Tuesday, June 2, 2020     Volume: 21, Issue: 13

Santa Maria Sun / News

The following article was posted on September 11th, 2019, in the Santa Maria Sun - Volume 20, Issue 28 [ Submit a Story ]
The following articles were printed from Santa Maria Sun [santamariasun.com] - Volume 20, Issue 28

The county is studying possible trail routes connecting Gaviota to Guadalupe

By Zac Ezzone

State and local officials are attempting to overcome the remaining roadblocks to finish the 1,200-mile trail connecting the California coast. It’s been 40 years in the making, and about 60 percent of the project is currently finished. Many of the remaining gaps in the California Coastal Trail are in northern Santa Barbara County and other parts of the state’s southern half.

To help create plans to address this local gap, the Santa Barbara County Association of Governments (SBCAG) is overseeing a study to identify a preferred route for the trail in the northern half of the county that hikers and bikers can take from Gaviota to Guadalupe. 

The Santa Barbara County Trails Council, which is conducting the study, held its first public workshop to discuss potential routes on May 29 in Lompoc, Executive Director Mark Wilkinson said. The council is using input from that meeting to identify preferred routes for the trail that it will present at a future public workshop.

In the past, the amount of private land lining the coast in the north half of the county—including the roughly 40 miles occupied by Vandenberg Air Force Base—has made it difficult to identify a trail route. Cea Higgins, executive director of Coastwalk California Coastal Trail Association, said the county isn’t alone in dealing with this obstacle, but the issue may be more significant here.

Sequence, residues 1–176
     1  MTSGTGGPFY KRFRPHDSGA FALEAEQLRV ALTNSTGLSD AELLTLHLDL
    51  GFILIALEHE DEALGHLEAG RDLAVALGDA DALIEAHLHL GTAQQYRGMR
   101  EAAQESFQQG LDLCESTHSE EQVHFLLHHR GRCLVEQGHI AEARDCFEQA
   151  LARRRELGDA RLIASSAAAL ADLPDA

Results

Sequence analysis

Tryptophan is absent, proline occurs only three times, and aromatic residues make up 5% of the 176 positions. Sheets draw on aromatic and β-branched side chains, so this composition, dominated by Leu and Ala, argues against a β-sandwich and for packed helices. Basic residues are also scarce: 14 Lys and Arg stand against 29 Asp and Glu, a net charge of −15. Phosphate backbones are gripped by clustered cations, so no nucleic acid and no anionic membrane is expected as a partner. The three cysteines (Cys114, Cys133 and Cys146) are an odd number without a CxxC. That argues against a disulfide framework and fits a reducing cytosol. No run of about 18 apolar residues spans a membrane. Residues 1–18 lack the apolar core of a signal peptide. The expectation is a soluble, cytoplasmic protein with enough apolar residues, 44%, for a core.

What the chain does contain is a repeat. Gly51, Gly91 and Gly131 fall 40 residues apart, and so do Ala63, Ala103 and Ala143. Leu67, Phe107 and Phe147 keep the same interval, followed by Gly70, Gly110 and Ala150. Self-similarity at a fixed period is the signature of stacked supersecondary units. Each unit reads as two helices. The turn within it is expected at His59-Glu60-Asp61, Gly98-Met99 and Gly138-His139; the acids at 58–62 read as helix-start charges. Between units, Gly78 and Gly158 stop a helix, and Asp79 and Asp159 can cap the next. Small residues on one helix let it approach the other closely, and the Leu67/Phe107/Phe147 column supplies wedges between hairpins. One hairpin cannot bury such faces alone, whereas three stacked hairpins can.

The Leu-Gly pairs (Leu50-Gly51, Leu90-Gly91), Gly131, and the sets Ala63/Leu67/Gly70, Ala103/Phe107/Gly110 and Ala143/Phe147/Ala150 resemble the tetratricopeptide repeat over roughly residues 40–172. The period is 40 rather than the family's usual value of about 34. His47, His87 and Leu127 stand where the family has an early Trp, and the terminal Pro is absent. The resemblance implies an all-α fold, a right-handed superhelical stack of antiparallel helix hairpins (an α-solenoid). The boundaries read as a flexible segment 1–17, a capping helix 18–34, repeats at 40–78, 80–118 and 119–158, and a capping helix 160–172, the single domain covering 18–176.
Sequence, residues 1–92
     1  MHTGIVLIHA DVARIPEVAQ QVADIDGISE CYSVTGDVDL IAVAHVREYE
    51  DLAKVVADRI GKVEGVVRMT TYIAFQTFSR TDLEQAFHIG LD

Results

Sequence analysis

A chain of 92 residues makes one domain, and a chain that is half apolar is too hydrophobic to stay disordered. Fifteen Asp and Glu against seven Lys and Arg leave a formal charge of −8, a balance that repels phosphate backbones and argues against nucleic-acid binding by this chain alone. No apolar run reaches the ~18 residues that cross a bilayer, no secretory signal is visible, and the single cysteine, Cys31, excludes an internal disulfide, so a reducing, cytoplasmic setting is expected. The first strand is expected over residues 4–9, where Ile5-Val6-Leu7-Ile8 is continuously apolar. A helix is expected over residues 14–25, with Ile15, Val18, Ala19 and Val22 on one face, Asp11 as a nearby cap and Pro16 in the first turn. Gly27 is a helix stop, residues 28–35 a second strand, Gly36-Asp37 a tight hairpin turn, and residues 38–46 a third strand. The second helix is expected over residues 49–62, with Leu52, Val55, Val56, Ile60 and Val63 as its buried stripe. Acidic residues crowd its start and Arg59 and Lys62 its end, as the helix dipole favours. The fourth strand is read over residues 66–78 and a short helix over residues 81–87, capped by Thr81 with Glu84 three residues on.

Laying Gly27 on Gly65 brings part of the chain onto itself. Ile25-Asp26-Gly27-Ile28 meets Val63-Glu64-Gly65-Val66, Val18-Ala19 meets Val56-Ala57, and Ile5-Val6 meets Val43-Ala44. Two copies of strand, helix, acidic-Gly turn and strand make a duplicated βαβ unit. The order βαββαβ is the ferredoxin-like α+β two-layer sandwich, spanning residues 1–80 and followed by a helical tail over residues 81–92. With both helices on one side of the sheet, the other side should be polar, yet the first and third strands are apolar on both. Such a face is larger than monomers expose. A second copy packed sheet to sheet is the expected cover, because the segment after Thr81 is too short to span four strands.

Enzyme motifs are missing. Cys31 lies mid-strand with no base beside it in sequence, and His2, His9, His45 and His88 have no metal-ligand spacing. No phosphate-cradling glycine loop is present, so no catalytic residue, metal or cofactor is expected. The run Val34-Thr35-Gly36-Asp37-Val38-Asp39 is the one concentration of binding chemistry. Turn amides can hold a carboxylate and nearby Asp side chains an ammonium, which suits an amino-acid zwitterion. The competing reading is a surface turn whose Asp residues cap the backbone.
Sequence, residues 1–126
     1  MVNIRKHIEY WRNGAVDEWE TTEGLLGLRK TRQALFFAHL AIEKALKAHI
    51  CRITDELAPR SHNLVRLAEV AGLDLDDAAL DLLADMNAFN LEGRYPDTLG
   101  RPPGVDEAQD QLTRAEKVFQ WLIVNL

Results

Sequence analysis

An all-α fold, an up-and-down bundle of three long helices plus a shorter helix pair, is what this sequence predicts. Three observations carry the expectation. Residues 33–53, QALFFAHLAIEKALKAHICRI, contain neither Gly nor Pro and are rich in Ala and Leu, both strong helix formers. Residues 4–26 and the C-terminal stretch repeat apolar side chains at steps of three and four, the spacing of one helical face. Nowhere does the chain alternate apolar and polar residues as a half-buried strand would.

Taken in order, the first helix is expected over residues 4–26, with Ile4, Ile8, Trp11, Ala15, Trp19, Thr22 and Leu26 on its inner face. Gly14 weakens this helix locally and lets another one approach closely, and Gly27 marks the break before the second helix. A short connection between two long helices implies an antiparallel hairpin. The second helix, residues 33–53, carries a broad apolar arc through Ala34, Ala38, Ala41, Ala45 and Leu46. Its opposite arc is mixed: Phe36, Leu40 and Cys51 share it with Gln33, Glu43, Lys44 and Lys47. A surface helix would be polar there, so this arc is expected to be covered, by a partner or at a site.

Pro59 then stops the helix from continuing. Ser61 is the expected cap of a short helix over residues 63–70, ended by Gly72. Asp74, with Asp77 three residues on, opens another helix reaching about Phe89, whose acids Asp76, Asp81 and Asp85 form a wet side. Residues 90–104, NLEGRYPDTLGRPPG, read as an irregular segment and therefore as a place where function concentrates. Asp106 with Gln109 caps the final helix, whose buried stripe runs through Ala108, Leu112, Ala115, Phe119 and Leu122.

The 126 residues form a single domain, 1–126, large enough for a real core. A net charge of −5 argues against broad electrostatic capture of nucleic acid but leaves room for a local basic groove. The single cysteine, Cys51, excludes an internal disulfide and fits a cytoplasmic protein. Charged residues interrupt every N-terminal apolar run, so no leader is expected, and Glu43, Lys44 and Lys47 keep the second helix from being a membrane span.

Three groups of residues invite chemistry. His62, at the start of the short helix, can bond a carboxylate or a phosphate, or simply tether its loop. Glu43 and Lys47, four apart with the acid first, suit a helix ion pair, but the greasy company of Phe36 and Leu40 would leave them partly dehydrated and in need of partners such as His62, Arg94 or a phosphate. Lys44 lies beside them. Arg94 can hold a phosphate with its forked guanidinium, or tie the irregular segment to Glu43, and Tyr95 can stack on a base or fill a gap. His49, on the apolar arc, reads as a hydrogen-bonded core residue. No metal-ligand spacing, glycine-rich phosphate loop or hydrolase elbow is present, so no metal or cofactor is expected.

“Santa Barbara County is unique in that the inaccessible areas of the coast are all adjacent to one another, so that creates a longer section of coastline where the coastal trail is a challenge,” Higgins said.

The California Coastal Trail was first introduced as a state mandate in 1972, with the passage of Proposition 20. The voter-driven ballot measure said that “a hiking, bicycle, and equestrian trails system shall be established along or near the coast.” The proposition also created the California Coastal Commission to regulate development along the state’s coast.  

The proposition was reinforced four years later when the state Legislature passed the Coastal Act of 1976, which created the California Coastal Conservancy. This non-regulatory agency is tasked with supporting projects to protect coastal resources and increase opportunities for the public to access the coast. 

Conservancy project manager Timothy Duff said the California Coastal Trail is the agency’s primary public access program.

More than 20 years after the Legislature passed the Coastal Act of 1976, the state passed Senate Bill 908 to reinvigorate its effort to complete the trail. As required by the legislation, the coastal conservancy released a report in 2003 titled “Completing the California Coastal Trail,” which recommended statewide policy initiatives and potential projects to develop the trail.